Author Affiliations: University of Pennsylvania Center for Bioethics and the Division of Geriatrics (Drs Casarett and Karlawish); Philadelphia Veterans Affairs Medical Center (Dr Casarett); Alzheimers Disease Center, Philadelphia (Dr Karlawish); and Departments of Medicine and Philosophy and Center for the Study of Medical Ethics and Humanities, Duke University, Durham, SC (Dr Sugarman).
Quality improvement initiatives have become a major force in shaping
health care. These initiatives are diverse but share a common goal of generating
knowledge that will guide improvements in health care. Although quality improvement
occupies an uncertain territory between clinical care and research, this difference
is extremely important. If a quality improvement initiative is research, federal
regulations require a variety of procedures that must be followed to protect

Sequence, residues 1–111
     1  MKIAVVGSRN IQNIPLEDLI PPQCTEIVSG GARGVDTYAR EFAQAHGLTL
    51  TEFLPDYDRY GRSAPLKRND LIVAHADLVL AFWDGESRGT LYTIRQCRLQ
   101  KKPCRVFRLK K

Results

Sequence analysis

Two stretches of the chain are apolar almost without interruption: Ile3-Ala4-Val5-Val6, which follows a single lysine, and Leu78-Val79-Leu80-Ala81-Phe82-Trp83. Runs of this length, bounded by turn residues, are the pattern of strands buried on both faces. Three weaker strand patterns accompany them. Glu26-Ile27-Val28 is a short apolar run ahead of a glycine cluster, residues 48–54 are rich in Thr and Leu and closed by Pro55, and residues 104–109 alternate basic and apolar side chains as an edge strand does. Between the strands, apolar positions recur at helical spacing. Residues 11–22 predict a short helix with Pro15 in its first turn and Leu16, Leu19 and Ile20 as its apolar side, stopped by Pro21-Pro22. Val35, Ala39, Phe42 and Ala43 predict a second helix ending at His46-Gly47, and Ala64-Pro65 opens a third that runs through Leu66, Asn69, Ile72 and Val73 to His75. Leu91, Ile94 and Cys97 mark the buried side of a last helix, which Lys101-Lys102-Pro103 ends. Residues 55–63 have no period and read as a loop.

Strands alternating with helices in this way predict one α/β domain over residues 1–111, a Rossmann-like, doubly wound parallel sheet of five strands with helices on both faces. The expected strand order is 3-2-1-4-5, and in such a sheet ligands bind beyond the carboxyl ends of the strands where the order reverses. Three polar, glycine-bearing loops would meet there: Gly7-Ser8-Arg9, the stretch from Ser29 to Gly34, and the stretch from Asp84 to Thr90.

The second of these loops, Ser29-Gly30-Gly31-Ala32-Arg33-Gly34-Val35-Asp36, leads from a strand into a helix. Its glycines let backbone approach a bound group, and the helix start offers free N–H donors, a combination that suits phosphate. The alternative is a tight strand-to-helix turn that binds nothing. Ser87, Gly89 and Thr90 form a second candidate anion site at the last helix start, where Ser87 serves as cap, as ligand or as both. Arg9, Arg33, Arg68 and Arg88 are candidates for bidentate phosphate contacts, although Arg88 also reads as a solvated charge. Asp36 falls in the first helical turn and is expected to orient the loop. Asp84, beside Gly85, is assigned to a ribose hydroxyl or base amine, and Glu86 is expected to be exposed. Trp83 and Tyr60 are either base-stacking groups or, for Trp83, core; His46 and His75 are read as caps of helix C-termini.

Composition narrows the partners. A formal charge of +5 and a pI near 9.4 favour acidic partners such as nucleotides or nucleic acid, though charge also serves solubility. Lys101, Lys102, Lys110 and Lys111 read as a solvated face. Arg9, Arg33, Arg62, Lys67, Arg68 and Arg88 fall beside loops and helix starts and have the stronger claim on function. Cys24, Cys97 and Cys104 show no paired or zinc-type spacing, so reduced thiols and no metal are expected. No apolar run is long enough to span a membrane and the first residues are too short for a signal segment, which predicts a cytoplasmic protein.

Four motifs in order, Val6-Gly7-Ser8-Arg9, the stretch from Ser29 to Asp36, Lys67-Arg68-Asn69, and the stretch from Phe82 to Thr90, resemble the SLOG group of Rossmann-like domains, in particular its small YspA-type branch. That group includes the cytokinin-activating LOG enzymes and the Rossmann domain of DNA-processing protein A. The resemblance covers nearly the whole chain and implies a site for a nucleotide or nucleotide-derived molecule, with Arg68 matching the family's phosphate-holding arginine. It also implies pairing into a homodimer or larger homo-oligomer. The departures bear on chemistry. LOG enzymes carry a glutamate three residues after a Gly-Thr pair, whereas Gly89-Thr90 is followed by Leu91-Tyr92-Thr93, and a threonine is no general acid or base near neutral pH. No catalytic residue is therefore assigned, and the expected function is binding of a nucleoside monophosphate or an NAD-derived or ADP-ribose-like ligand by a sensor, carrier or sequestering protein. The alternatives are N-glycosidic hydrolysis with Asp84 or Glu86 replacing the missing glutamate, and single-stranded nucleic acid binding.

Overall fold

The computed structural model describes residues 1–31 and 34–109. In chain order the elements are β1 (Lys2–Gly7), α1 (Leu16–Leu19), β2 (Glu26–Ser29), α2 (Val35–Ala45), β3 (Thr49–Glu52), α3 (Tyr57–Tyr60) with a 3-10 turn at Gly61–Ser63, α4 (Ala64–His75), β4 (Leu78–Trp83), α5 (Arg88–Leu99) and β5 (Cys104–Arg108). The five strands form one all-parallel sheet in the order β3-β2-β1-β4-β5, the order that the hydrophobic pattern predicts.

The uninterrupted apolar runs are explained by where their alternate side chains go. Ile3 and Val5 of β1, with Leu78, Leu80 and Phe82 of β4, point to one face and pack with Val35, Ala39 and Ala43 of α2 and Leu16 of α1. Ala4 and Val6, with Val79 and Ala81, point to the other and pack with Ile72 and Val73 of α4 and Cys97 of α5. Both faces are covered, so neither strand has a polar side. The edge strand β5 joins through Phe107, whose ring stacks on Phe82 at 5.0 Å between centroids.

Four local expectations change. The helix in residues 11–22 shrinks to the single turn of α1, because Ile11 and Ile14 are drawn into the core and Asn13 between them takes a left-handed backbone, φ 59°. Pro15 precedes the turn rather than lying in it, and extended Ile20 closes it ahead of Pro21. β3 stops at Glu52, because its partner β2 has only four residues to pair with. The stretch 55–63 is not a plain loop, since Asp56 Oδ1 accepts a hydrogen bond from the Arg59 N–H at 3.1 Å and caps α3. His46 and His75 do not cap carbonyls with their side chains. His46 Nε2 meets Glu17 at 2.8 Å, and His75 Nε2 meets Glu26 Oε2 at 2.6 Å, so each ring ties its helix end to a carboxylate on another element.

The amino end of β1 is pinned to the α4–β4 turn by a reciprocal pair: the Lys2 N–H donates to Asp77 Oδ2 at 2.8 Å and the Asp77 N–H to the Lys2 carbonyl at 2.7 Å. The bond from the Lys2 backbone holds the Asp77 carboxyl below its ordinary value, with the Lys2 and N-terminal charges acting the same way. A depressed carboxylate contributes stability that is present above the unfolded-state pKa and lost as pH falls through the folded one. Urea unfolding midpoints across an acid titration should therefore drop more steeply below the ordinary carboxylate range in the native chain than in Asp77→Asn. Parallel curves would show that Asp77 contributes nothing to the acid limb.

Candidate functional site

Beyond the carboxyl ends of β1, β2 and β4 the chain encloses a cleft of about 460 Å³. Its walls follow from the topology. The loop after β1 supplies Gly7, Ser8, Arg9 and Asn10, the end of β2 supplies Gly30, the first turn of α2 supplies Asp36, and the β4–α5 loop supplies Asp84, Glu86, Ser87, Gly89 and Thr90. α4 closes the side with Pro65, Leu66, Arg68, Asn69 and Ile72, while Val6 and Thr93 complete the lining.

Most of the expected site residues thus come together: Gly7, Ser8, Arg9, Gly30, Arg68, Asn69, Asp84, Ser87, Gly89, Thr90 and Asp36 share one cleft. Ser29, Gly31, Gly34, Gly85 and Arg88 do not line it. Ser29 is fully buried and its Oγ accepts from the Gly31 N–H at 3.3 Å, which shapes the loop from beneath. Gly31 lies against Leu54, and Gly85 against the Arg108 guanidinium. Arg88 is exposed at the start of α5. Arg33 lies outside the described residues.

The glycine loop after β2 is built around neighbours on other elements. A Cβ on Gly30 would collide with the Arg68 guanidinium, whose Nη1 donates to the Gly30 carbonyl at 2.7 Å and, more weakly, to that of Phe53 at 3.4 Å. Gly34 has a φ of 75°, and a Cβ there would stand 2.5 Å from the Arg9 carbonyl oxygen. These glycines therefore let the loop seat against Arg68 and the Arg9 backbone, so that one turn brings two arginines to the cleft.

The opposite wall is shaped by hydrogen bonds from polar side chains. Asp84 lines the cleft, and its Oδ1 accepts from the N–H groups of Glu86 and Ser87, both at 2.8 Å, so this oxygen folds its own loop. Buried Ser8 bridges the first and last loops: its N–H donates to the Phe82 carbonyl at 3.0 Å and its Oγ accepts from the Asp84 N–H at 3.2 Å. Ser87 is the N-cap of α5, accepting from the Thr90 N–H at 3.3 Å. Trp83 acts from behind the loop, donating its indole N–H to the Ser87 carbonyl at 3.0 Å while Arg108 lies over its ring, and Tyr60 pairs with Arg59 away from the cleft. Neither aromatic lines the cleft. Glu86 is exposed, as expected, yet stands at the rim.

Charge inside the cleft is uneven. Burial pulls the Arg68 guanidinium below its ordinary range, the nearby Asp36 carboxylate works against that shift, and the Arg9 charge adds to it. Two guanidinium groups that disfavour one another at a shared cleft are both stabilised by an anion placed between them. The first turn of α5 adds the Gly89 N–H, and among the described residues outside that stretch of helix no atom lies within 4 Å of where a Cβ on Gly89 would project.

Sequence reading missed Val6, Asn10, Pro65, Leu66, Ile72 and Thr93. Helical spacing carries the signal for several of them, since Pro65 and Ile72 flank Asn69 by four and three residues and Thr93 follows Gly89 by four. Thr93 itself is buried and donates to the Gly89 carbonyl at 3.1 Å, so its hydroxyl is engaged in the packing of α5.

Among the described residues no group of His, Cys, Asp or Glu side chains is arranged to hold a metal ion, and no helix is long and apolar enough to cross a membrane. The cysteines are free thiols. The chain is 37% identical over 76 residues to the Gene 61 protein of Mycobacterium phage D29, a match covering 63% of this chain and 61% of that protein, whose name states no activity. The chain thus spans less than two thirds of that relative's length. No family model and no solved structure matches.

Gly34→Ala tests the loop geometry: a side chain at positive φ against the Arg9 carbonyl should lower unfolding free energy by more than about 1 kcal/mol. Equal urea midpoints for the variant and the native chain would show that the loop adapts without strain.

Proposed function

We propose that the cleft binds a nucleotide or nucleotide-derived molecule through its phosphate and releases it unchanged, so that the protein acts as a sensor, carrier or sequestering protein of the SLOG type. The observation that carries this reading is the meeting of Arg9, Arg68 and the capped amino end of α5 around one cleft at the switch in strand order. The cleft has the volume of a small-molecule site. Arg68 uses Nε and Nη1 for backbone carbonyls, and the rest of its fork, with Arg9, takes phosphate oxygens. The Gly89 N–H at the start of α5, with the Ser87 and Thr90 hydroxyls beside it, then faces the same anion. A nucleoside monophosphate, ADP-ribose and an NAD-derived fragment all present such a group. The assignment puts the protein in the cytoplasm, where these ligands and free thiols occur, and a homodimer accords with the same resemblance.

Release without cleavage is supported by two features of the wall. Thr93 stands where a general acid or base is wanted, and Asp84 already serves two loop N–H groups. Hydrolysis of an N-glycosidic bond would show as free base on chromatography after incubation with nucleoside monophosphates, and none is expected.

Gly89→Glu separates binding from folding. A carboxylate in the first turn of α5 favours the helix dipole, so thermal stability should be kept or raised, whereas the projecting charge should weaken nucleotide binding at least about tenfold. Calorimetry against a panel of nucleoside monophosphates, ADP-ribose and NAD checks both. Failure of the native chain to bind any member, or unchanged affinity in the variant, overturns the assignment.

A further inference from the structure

the human subjects involved. Conversely, if the same initiative is not research,
the regulations outlining these procedures are not applicable.
This article proposes 2 criteria to determine whether a quality improvement
initiative should be reviewed as research. Such an initiative should be reviewed
and regulated as research if (1) the majority of patients involved are not
expected to benefit directly from the knowledge to be gained or (2) if additional
risks or burdens are imposed to make the results generalizable. Implementation
of these criteria offers the possibility that the rights and interests of
those who participate in quality improvement initiatives will be protected.
Casarett D, Karlawish JHT, Sugarman J. Determining When Quality Improvement Initiatives Should Be Considered ResearchProposed Criteria and Potential Implications. JAMA. 2000;283(17):2275-2280. doi:10.1001/jama.283.17.2275